- Court: United States Supreme Court
- Area(s) of Law: Civil Procedure
- Date Filed: January 22, 2014
- Case #: 12-1128
- Judge(s)/Court Below: Breyer, J., delivered the Court's unanimous opinion
- Full Text Opinion
Respondent holds patents for medical devices. Petitioner designs, makes, and sells medical devices. After Respondent alleged an infringement of its patents by Petitioner, Petitioner sought declaratory judgment. The district court, while recognizing that Respondent was the defendant, nonetheless placed the burden on Respondent, the patentee, to prove infringement. The appellate court reversed. It held that while generally the patentee bears the burden of proving infringement, here, Petitioner was a plaintiff and bears the burden of persuasion.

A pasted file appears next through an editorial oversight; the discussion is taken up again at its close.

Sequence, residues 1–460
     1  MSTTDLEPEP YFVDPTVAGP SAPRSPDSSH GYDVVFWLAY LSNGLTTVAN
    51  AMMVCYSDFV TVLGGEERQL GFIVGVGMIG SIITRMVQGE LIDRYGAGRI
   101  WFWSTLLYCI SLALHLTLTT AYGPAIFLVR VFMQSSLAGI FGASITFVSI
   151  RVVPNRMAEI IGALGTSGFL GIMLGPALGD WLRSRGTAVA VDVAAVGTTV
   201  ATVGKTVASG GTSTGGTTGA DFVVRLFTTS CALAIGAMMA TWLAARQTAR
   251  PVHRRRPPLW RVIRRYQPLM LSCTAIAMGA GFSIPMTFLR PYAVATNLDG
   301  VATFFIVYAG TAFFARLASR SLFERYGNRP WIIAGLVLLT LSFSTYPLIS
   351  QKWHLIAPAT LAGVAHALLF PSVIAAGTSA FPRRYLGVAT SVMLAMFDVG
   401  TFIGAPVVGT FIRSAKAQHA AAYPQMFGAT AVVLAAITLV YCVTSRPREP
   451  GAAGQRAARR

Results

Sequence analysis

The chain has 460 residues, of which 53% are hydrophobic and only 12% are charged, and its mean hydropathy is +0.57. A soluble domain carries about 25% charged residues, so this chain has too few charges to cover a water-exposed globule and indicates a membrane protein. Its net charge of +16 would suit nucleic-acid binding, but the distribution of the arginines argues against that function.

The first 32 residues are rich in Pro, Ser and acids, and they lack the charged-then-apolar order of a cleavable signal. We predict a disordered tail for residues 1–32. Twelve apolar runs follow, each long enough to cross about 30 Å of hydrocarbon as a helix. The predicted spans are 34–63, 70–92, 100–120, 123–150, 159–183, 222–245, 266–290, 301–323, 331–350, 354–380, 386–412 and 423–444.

The Supreme Court held that the burden of persuasion in a declaratory judgment action stemming from an infringement suit is on the patentee. Further the court held that to shift the burden could result in inconsistent results between a declaratory judgment and the substantive case. That uncertainty would defeat the purpose of a declaratory judgment. Shifting the burden could also create unnecessarily complex cases. The patentee is in a better position to know the patent and how it is being infringed. Lastly, burden shifting here would go against the purpose of the Declaratory Judgment Act. Declaratory judgment is intended to provide a better option than either abandoning one’s rights or risking suit. While shifting the burden does not destroy that option, it does add an immense obstacle.